Determined strike by UK bus workers at Arriva North West continues as GMB union declares ‘compromise’

Around 1,800 UK bus workers at Arriva North West are continuing their all-out strike for a pay rise to cope with the rising cost of living. The strike began on July 20 and is in its third week.

Strikers on the picket line at Arriva North West at Manchester’s Wythenshawe depot [Photo: WSWS]

While workers are determined to keep fighting, the GMB union has indicated it is ready to reach a sell-out deal with the company. At the same time, Unite sabotaged a growing wave of strike action by bus workers by opposing unified collective action.

GMB and Unite union members work in 11 garages across the North West of England, including Birkenhead, Bolton, Bootle, Liverpool, Macclesfield, Manchester, Runcorn, Southport, Speke, St Helens and Winsford.

Workers voted by an overwhelming 96% on a 72% turnout to reject the company’s initial offer of 3% or 6% with conditions. Another offer of 8.5% was rejected without a vote as significantly below inflation, currently at 11.8% RPI. The Bank of England expects even the lowest CPI inflation rate to hit 13% in the last three months of this year, down from 9.4% now – the highest level in 42 years – and will remain “very high” in 2023.

In a July 29 press release, GMB organizer Robert Marnell said: “[T]The GMB is ready to talk when all parties are ready to come to the table and compromise… These workers are struggling to make ends meet – Arriva needs to recognize this and make them an offer that helps them make ends meet. in the face of the cost of living crisis.

The GMB bluntly states that it will ‘compromise’, meaning settling for a below inflation deal which it can sell to its members, on the basis that it is the best that can be achieved . But to cope with the rising cost of living – including average energy bills for the average household set to top £3,000 in the fall and rising mortgage rates – the working class must demand hikes salaries indexed to the cost of living, and backdated to include compensation for the erosion of real salary conditions since 2008.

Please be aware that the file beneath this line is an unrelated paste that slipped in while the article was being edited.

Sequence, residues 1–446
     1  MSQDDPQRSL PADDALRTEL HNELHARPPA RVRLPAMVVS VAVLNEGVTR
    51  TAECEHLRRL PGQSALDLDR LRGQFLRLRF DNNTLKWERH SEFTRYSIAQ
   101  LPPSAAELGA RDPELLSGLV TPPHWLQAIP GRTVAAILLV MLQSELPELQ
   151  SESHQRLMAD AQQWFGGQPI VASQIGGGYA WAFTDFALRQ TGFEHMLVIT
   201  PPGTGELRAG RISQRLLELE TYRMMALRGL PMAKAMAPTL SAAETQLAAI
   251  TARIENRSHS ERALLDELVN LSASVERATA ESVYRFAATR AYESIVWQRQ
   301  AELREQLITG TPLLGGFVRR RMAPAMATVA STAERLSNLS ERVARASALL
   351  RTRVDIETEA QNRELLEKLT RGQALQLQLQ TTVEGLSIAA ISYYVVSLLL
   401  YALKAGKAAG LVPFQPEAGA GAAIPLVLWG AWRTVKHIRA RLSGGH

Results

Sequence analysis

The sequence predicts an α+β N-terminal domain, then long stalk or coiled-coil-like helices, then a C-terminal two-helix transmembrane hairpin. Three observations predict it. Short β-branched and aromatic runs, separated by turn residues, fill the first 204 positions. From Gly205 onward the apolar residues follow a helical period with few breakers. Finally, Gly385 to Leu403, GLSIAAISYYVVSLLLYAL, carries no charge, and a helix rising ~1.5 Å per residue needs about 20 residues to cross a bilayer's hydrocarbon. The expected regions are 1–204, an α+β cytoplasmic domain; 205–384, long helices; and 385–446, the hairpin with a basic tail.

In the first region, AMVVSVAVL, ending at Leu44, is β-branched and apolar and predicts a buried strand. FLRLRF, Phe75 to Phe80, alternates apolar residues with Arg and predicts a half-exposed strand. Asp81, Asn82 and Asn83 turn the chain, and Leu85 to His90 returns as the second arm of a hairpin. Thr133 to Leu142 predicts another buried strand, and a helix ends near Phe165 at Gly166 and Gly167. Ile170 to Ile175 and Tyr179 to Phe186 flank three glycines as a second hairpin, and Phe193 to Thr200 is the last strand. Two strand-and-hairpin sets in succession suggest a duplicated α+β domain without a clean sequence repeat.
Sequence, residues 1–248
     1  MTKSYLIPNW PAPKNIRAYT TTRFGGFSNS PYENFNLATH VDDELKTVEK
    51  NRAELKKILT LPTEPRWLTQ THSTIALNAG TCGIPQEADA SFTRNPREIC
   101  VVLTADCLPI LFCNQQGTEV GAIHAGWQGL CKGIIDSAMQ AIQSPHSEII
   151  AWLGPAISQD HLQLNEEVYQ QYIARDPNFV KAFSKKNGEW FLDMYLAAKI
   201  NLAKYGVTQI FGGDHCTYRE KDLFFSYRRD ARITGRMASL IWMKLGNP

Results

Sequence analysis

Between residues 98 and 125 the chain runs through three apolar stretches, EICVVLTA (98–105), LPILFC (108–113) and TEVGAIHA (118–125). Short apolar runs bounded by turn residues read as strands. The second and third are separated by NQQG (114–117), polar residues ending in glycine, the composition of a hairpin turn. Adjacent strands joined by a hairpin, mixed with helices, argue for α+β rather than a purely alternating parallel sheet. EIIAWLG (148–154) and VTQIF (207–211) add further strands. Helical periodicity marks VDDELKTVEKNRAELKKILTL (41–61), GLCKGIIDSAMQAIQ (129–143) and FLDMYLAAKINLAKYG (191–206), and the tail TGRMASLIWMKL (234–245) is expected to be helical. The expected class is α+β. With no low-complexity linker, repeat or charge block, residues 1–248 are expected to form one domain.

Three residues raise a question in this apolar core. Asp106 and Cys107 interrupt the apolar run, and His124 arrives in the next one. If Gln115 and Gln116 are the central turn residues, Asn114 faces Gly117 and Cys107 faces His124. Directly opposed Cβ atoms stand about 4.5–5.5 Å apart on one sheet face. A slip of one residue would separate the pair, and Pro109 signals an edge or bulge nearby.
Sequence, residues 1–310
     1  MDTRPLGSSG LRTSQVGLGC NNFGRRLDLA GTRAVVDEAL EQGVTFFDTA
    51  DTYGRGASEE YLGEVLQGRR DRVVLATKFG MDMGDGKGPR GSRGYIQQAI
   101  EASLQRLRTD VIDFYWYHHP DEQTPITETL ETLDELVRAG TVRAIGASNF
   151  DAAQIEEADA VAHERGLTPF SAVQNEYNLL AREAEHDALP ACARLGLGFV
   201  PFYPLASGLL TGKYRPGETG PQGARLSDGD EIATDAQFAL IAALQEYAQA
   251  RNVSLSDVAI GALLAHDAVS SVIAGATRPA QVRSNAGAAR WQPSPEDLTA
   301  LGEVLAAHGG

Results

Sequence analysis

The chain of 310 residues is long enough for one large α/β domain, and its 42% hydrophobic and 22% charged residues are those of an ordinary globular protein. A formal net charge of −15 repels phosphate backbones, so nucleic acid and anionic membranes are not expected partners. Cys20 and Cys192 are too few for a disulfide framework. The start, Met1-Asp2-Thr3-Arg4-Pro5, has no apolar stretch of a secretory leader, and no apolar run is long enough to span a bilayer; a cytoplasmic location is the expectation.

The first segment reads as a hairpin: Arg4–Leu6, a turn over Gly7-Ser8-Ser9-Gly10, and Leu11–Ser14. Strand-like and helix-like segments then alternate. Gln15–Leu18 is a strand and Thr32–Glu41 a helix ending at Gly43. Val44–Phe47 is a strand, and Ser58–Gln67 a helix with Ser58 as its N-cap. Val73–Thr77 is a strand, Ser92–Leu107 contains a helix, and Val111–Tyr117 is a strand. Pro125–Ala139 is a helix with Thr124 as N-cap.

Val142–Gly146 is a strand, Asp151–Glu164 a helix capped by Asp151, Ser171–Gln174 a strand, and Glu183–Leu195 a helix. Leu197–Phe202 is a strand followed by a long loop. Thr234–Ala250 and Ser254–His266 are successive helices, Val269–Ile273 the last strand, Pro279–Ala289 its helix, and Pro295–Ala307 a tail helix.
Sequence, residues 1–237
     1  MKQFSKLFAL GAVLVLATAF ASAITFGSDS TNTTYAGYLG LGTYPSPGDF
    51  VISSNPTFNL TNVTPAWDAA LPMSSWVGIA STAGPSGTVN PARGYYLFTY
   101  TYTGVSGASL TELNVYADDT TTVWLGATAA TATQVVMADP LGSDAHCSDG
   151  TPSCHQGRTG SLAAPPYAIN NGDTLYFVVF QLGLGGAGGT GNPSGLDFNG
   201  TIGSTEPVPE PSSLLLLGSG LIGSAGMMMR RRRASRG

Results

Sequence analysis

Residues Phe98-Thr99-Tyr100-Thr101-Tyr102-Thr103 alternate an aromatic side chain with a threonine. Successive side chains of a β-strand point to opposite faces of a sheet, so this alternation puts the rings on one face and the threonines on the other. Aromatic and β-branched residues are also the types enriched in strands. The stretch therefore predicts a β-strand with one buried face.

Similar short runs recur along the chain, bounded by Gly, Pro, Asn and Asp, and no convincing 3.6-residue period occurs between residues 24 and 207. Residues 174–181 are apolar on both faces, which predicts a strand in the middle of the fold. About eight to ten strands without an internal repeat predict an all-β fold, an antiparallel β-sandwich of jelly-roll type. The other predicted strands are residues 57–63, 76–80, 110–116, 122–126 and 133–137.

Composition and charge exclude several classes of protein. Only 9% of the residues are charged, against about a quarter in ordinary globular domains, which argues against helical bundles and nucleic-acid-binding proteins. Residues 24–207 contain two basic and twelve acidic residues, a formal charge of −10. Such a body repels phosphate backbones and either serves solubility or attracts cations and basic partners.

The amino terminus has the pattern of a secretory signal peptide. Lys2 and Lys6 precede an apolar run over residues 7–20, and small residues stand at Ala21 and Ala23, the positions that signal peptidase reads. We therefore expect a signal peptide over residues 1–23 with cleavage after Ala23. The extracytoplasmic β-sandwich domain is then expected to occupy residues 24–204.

World Socialist Websitejournalists spoke to striking bus workers on the picket line outside Liverpool and Wythenshawe bus depots in Manchester.

Strikers have expressed concerns about the cost of living and how to advance their struggle.

In Liverpool, driver John said: “If it keeps going like this, it’s only going one way. Everyone is going to be in dire straits if things keep going up.

“Capitalism doesn’t work. [What we want] is enough money to put food on the table and keep a roof over our heads, and we won’t get tricked.

“Everything is always fueled by money. If they can make money by destroying what’s there, they will.

Speaking of the role of Labour, John said: “I’ve always voted Labour, but I think I’m a bit lost at the moment. [But] we do not want to fall into communism. When the WSWS reporter explained the history of Stalinism in the Soviet Union and the internationalist program championed by the Trotskyist movement, he replied, “We never had socialism.

Expressing the basic principle that “unity is strength”, he said of the growing number of workers in conflict: “We must all call a general strike”.

Another driver, Bill, a bus veteran, said: “Unless you get an inflation raise, you don’t get a pay rise. Unless you’re all ready to go out at the same time, you’re not going anywhere. We need a new mindset.

Driver Jeff, who has worked for Arriva for four years, explained why Arriva workers left. “We are fighting against wages and working hours – there is no consistency,” he said. “The tiredness… when you finish at eight o’clock at night and they want you to come back at 6 o’clock in the morning!” If a driver is tired and worried about safety, he will punish you.

“They [the company] offered another offer yesterday – if you’ve worked for 12 months or less, £12 an hour that’s a £1 raise; if it is one to five years, 7.5%; and over five years, 9%. They try to come between us. We should all be paid the same for the same work.